TOTP uses the same concept of the shared secret called “seed” and a moving factor to calculate its OTP value. TOTP as well as HOTP generate a 6-8 digit OTP value. While HOTP specifies only SHA1 for hashing the seed and moving factor, TOTP defines additionally SHA2 functions as well. The most important change TOTP introduces is the change of the moving factor. Instead of a counter that can cause issues when out-of-sync, TOTP uses the Unix Timestamp as its moving factor.

Using the Unix timestamp (seconds since 1970) replaces the counter in the algorithm. The idea of using the Unix timestamp additionally or instead of the counter is already mentioned as an option in the HOTP RFC 4226. With the RFC6238 this optional idea got its only specification.

With the introduction of the TOTP in 2011, hardware tokens needed to maintain the correct time to work. Many TOTP hardware tokens were introduced and are still used today as a second factor for authenticating. With the broader use and availability of smartphones, TOTP was also added to many smartphone applications. As smartphones synchronize their time over the Internet, and users were carrying around their smartphones wherever they went, it was the next logical step. From a security point of view, this was convenient, but did often not meet the security standard.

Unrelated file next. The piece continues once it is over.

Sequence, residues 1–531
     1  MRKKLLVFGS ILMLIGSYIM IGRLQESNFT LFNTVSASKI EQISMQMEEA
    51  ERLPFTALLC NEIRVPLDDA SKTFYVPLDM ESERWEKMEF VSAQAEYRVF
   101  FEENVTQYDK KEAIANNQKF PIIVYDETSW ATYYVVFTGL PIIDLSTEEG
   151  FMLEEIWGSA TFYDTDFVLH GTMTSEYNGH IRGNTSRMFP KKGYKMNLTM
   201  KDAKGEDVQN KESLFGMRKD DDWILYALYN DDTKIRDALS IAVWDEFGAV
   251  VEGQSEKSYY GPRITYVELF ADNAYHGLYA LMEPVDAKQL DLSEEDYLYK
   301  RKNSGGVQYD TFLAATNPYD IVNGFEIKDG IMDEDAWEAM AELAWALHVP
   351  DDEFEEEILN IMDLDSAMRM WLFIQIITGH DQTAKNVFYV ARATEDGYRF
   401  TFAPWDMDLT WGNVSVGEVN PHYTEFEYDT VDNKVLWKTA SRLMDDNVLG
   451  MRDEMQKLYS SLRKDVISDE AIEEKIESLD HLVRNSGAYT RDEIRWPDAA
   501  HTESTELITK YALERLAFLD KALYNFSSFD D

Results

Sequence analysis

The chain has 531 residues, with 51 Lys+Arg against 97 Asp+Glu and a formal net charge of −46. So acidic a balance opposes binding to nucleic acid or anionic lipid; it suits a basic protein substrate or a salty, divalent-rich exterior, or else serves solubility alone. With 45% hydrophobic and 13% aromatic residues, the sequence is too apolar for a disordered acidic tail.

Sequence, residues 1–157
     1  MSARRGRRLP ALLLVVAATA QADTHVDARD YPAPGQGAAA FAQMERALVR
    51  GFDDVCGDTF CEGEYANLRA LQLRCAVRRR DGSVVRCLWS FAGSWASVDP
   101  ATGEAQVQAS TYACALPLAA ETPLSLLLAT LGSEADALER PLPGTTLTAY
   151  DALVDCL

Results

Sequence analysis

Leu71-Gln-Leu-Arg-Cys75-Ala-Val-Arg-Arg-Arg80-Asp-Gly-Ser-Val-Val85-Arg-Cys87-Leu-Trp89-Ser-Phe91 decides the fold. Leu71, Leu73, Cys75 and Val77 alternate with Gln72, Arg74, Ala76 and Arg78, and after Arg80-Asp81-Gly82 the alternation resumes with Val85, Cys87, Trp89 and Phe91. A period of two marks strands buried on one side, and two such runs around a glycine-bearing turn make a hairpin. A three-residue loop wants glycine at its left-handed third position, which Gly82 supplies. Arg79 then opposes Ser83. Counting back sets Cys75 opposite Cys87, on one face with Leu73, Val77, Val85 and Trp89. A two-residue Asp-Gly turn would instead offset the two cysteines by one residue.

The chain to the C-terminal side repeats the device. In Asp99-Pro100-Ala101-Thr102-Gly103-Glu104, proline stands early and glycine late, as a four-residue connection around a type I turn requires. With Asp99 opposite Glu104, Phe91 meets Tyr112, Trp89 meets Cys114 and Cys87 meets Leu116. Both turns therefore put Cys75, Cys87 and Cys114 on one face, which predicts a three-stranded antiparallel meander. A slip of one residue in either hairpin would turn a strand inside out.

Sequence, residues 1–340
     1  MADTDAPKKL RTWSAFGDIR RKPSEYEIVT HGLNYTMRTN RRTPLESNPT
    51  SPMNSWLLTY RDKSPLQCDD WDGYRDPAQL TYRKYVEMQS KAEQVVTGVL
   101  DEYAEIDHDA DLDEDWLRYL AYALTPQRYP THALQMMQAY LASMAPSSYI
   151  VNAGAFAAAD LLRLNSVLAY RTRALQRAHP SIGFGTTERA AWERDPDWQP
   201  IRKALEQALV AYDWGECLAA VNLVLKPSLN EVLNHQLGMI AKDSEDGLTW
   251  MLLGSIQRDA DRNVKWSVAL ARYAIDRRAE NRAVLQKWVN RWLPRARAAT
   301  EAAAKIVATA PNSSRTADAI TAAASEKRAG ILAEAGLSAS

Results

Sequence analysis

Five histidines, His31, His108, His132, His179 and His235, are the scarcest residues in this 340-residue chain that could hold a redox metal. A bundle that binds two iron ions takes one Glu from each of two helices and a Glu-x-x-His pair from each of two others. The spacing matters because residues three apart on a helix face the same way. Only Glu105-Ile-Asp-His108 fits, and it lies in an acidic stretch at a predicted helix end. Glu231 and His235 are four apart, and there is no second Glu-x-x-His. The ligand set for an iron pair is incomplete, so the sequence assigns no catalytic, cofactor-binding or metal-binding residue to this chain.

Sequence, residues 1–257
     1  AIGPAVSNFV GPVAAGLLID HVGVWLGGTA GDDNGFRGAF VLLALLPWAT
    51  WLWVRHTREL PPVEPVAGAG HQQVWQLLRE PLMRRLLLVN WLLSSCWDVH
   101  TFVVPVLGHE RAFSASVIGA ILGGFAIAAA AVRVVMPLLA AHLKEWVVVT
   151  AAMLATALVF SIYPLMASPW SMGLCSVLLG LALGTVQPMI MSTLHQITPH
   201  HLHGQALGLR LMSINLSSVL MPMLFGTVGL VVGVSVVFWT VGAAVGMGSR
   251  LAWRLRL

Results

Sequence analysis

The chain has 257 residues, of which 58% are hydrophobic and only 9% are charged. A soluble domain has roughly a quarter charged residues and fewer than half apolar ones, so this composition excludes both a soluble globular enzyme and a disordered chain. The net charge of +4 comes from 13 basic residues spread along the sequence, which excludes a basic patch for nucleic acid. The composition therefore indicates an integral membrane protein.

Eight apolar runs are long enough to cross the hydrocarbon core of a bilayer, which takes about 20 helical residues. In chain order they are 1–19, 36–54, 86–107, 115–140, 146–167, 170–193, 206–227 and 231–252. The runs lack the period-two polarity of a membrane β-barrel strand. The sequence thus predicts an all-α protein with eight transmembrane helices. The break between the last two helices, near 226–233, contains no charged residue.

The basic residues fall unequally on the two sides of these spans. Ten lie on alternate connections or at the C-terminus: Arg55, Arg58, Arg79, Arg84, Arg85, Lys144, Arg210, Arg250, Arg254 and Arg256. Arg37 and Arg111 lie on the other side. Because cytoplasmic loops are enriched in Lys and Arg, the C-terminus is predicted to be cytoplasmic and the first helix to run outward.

To meet the security standards and still use TOTP as a second factor, TOTP hardware token devices are still used today. As they are offline devices, there is no risk of them being hacked.

Currently, TOTP based second factor authentication (2FA) is still used for many services. Because of its ease of use and implementation, it can be found in many hosted as well as self-hosted web-services today.

The FIDO alliance